"The Tao is that from which one cannot deviate; that which one can deviate is not the Tao."...
The Chinese, and Taoist, term which we translate as "nature" is tzu-jan, meaning the spontaneous, that which is so of itself. We might call it the automatic or automotive were it not that these words are associated with mechanisms and artifacts which are not truly "so" of themselves. Nature as tzu-jan might be taken to mean that everything grows and operates independently, on it's own, and to be the meaning of the verse:
(As I) sit quietly, doing nothing
Spring comes and grass grows of itself.
Bit it is basic to the taoist view of the world that every thing-event (shih or wu) is what it is only in relation to all others. The earth, and every tiniest thing upon it, inevitably "goes-with" the sun, moon, and stars. It needs them just as much as it needs, and consists of, it's own elements. Conversely, the sun would not be light without eyes, nor would the universe "exist" without consciousness-- and vis versa. This is the principle of "mutual arising" (hsian sheng) which is explained in the second chapter of the Tao Te Ching.
The principle is that if everything is allowed to go it's own way the harmony of the universe will be established, since every process in the world can "do it's own thing" only in relation to all others. The political analogy is Kropotkin's anarchism-- the theory that if people are left alone to do as they please, to follow their nature and discover what truly pleases them, a social order will emerge of itself. Individuality is inseparable from community. In other words, the order of nature is not a forced order; it is not the result of laws and commandments which beings are compelled to obey by external violence, for in the Taoist view there really is no obdurately external world. My inside arises mutually with my outside, and though the two may differ they cannot be separated.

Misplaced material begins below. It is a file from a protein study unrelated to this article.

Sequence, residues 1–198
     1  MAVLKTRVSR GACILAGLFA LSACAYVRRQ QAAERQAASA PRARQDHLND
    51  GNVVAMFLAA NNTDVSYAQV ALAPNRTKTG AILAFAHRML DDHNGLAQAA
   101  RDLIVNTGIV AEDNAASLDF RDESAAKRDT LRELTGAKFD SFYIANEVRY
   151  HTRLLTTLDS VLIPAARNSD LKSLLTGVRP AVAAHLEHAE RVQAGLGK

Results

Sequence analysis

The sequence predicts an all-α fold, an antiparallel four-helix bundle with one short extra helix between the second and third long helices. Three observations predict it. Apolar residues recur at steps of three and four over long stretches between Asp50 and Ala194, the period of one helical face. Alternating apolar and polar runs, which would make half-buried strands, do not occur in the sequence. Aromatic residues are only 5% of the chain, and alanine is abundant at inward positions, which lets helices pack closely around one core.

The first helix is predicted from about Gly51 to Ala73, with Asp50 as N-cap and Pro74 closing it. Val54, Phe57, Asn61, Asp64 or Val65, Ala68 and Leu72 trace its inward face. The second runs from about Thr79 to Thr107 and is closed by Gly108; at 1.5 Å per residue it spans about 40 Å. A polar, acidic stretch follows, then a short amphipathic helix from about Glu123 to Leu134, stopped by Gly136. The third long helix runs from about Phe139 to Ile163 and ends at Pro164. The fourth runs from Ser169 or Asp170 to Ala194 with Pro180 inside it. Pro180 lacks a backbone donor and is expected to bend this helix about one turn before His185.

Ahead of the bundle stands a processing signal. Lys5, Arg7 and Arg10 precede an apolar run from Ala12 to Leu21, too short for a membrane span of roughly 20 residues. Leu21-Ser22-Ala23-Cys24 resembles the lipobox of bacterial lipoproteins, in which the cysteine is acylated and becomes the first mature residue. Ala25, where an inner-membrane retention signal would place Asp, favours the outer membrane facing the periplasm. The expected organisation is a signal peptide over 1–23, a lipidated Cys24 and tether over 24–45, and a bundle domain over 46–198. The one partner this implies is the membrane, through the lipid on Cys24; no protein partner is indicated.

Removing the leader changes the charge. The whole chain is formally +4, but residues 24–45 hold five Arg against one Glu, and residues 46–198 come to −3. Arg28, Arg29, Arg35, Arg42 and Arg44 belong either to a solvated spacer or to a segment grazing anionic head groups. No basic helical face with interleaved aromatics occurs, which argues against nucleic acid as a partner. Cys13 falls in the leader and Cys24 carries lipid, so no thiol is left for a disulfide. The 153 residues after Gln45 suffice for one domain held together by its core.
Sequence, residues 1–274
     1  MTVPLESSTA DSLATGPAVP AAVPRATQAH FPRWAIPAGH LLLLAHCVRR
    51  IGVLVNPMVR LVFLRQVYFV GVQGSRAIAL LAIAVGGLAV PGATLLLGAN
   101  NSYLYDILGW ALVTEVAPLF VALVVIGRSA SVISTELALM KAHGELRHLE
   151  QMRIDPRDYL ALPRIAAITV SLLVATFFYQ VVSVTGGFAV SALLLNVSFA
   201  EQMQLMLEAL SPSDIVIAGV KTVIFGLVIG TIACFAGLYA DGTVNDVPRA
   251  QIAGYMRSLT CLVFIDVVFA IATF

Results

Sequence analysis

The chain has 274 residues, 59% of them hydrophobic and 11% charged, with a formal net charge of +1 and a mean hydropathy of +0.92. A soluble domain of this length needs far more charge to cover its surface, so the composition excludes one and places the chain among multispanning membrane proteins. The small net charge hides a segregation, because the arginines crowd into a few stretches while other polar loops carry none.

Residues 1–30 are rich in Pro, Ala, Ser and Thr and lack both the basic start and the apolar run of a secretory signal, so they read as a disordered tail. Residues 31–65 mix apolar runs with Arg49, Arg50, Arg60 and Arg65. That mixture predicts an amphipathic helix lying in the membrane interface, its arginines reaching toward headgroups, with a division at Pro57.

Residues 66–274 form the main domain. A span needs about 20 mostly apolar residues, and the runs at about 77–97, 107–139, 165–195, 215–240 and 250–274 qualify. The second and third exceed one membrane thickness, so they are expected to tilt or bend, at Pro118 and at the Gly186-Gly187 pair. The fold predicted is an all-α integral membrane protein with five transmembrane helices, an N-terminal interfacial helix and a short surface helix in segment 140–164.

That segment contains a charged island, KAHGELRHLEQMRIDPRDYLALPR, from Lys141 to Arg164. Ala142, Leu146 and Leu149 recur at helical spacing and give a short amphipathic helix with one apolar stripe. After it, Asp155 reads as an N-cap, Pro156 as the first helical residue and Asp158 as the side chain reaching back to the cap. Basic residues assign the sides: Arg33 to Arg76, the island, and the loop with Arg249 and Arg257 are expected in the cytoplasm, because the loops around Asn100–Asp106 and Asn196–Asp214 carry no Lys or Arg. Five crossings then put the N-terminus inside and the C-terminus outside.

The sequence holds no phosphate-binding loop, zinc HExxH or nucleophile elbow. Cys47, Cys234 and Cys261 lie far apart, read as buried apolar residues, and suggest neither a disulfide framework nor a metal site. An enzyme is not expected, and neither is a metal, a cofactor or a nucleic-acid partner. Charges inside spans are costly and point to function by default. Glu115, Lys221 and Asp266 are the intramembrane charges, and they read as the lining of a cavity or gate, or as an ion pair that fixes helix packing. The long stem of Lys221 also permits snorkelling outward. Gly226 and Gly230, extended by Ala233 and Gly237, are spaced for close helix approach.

Thus every thing's "own way" is the "own way" of the universe, of the Tao. Because of the mutual interdependence of all beings, they will harmonize if left alone and not forced into conformity with some arbitrary, artificial, and abstract notion of order, and this harmony will emerge tzu-jan, of itself, without external compulsion. No organization, in the political and commercial sense of the word, is organic. Organizations, in this sense, are based on the following of linear rules and laws imposed from above- that is,of strung-out, serial, one-thing-at-a-time sequences of words and signs which can never grasp the complexity of nature, although nature is only "complex" in relation to the impossible task of translating it into these linear signs. Outside the human world, the order of nature goes along without consulting books-- but our human fear is that the Tao which cannot be described, the order which cannot be put into books, is chaos.
If tao signifies the order and course of nature, the question is, then, what kind of order? Lao-Tzu (ch. 25) does indeed use the term- hun-- obscure, chaotic, turgid-- for the state of the Tao before heaven and earth arose, but I do not think that this can mean chaos in the sense of mess and disorder such as we see when things formerly organized are broken up. It has rather the sense of hsuan, of that deep, dark, and mysterious prior to any distinction between order and disorder-- that is, before any classification and naming of the features of the world.
The unnamed is heaven and earth's origin;
Naming is the mother of ten thousand things.
Whenever there is no desire (or, intention),
one beholds the mystery;
Whenever there is desire, one beholds the manifestations.
These two have the same point of departure
but differ (because of) the naming.
Their identity is hsuan-
hsuan beyond hsuan, all mystery's gate.
The "chaos" of hsuan is the nature of the world before any distinctions have been marked out and named, the wiggly Rorschach blot of nature. But as soon as even one distinction has been made, as between yin and yang or 0 and 1, all that we call the laws or principles of mathematics, physics, and biology follow of necessity, as has been demonstrated in the calculus system of G. Spencer Brown(1). But this necessity does not appear to be a compulsion or force outside the system itself. In other words, the order of the Tao is not an obedience to anything else. As Chuang-Tzu says, "It exists by and through itself"; it is sui generis (self-generating), tzu-jan (of itself so), and has the property of that forgotten attribute of God called aseity-- that which is a (by) se (itself). But in the case of the Tao the form of it's order is not only free from any external necessity; also, it does not impose its rule on the universe, as if the Tao and the universe were separate entities. In short, the order of the Tao is not law.
The Chinese word- tse comes closer than any other to what we mean by positive law-- to the laying down and following of written rules and lists of what may and may not be done, to going by the book. Thus we read in the Huai Nan Tzu book: